Mere Long Separation Due to Job Posting Not Proof of Irretrievable Breakdown of Marriage: Allahabad High Court

Allahabad High Court: Separation Due to Job Posting Not Sufficient for DivorceAllahabad High Court: Separation Due to Job Posting Not Sufficient for Divorce In a recent ruling, the Allahabad High Court denied a man’s plea for divorce based solely on his claim of living separately from his wife for 25 years due to his job posting. The court emphasized that separation alone, even for an extended period, does not automatically imply an irretrievable breakdown of marriage. According to the court, the Supreme Court has not established a hard and fast rule that separation for any length of time warrants a presumption of irretrievable breakdown. Rather, it is only in cases where one party has voluntarily deserted the other for a significant period, and other circumstances indicate a lack of substance in the marriage, that a conclusion of irretrievable breakdown can be reached. The court acknowledged that the marriage may have encountered difficulties, but stressed that the mere fact of separation cannot be the sole basis for determining its irretrievable breakdown. The husband’s allegations of cruelty against his wife, including preventing him from visiting his parents’ home, were found to be vague and unsubstantiated by specific details, witnesses, or documentary evidence. The court also noted that the wife’s decision to remain with her mother-in-law until her death did not constitute abandonment of her husband. The husband had argued that the matrimonial relationship had become a “legal tie” with no real substance. However, the court held that faith and hope in the marriage had survived and that there was no evidence to suggest otherwise. Therefore, the court dismissed the husband’s appeal and upheld the family court’s decision to reject his divorce petition under Section 13 of the Hindu Marriage Act, 1955.

The Allahabad High Court recently denied a man’s plea for divorce, who claimed that he had lived separately from his wife for 25 years owing to his job posting. The man said that their marital relationship showed no signs of being able to be revived, indicating it was irretrievably broken down.

A bench of Justices Saumitra Dayal Singh and Donadi Ramesh said that the decisions of the Supreme Court do not lay down a rule of thumb that the marriage may be presumed to be irretrievably broken down if the parties have suffered separation for any length of time.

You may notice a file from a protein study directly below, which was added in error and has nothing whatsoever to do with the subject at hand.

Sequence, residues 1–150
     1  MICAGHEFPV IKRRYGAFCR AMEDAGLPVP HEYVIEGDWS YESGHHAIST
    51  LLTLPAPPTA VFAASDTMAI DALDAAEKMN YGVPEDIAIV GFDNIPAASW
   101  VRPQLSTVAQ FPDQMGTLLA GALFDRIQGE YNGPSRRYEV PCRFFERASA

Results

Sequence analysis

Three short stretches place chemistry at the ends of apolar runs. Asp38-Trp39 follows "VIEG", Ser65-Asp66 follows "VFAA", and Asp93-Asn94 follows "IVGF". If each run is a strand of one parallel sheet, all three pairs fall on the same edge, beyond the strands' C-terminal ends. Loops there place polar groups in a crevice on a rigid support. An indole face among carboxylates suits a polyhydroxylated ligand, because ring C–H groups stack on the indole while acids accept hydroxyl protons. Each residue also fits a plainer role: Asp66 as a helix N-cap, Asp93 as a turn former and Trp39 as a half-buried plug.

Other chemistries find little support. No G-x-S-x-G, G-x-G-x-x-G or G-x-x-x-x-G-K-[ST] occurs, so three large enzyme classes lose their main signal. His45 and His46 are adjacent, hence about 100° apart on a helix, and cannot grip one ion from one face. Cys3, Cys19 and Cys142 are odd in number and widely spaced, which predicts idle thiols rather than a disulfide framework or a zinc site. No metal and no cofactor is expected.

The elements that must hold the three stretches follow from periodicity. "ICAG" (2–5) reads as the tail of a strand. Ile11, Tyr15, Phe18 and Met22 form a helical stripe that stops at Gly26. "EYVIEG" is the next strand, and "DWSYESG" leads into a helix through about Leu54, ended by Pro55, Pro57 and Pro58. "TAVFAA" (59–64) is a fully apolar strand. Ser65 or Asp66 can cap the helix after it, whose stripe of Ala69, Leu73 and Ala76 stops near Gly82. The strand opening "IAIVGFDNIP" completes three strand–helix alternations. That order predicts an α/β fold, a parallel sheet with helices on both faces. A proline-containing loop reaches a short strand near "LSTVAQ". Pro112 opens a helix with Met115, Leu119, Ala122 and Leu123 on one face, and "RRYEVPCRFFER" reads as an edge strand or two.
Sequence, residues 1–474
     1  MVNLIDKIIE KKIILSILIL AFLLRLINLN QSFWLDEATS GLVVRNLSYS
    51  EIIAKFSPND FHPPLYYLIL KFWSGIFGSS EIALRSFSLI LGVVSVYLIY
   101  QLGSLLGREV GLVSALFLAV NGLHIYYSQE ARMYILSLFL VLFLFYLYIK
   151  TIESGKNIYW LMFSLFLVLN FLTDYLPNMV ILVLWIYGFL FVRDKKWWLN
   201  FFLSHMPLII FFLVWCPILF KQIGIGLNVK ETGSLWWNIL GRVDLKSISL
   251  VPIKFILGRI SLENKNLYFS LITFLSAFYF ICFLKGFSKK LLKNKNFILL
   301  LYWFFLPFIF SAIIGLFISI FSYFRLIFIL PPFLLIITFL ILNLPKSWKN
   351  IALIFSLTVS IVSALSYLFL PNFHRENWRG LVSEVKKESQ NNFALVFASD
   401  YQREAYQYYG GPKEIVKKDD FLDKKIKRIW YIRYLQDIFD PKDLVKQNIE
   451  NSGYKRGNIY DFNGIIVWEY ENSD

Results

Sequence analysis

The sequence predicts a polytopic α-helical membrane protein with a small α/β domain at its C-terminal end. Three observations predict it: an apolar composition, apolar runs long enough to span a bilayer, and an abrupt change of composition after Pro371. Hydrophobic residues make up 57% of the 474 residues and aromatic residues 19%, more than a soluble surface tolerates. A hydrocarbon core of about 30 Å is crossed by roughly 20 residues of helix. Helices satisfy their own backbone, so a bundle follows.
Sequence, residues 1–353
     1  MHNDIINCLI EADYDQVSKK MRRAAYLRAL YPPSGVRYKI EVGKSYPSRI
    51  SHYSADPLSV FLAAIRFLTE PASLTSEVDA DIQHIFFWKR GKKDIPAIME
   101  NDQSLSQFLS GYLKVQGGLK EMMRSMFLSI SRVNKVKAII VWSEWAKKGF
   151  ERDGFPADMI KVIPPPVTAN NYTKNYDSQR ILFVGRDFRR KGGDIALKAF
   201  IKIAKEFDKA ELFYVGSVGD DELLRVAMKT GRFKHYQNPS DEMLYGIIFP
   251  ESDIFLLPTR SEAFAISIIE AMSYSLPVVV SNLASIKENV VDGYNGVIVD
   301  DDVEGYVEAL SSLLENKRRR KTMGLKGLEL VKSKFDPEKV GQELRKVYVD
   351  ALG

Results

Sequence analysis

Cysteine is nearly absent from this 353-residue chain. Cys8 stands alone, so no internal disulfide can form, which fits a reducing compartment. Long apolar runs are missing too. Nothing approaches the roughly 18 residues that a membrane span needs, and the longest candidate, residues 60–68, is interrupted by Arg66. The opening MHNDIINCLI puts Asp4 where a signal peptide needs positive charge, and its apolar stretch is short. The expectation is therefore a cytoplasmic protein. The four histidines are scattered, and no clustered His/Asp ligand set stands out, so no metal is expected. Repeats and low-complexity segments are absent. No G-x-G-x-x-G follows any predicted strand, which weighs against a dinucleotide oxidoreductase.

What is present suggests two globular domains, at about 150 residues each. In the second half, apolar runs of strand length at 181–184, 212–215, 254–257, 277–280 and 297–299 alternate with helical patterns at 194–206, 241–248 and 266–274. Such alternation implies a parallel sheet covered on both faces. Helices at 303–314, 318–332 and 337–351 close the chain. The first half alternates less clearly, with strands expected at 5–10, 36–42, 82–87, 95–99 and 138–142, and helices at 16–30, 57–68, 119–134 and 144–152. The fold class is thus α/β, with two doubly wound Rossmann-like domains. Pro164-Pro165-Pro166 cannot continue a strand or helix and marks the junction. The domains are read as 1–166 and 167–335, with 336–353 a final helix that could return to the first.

Only where one of the parties is seen to have voluntarily deserted the other and parties have continued in that status for a long time then in view of the other attending circumstances as may indicate to the court that there is no substance in the marriage, a conclusion may be reached that the marriage has been irretrievably broken down, it said.

The court emphasised that “troubled as the marriage may have been and ordinary a relationship between the spouses may remain, it is not for the court to reach a positive conclusion that the personal relationship between the parties has irretrievably broken down solely for the reason of the length of separation suffered”.

The man appealed the family court’s judgment that rejected his divorce petition filed under Section 13 of the Hindu Marriage Act, 1955. The couple got married in 1999, and initially lived with the husband’s parents. Soon after, the husband’s father passed away, and the husband received a compassionate appointment, necessitating his relocation. The wife remained with her mother-in-law until her passing.

Before the high court, the man’s counsel argued that the wife had been cruel to her husband by preventing him from visiting his parental home, exhibiting abusive and aggressive behavior on multiple occasions, failing to inform him of his mother’s death, assaulting him at the cremation site during his mother’s funeral, and through various other actions.

Besides this, the counsel contended that the marriage between the couple had broken down irretrievably as they had been living separately since 1999. Therefore, stressing that the matrimonial relationship between the couple was only a legal tie and there was no real substance in the same, the counsel pressed for the divorce.


The high court observed that the husband’s allegations were vague and lacked specific details such as dates, times, or locations. Moreover, the husband did not present any independent witnesses or documentary evidence to substantiate claims of cruelty, especially to a degree that would convince the court to dissolve the marriage.

The high court agreed that the family court rightly dismissed the husband’s case. It emphasised that the wife did not abandon the husband; rather, he had to leave home for a job.

Therefore, in absence of the ancillary or attending circumstances shown to establish that the marriage between the parties had irretrievably broken down, the high court held that the faith and hope in the marriage has survived and accordingly, it dismissed the husband’s appeal.


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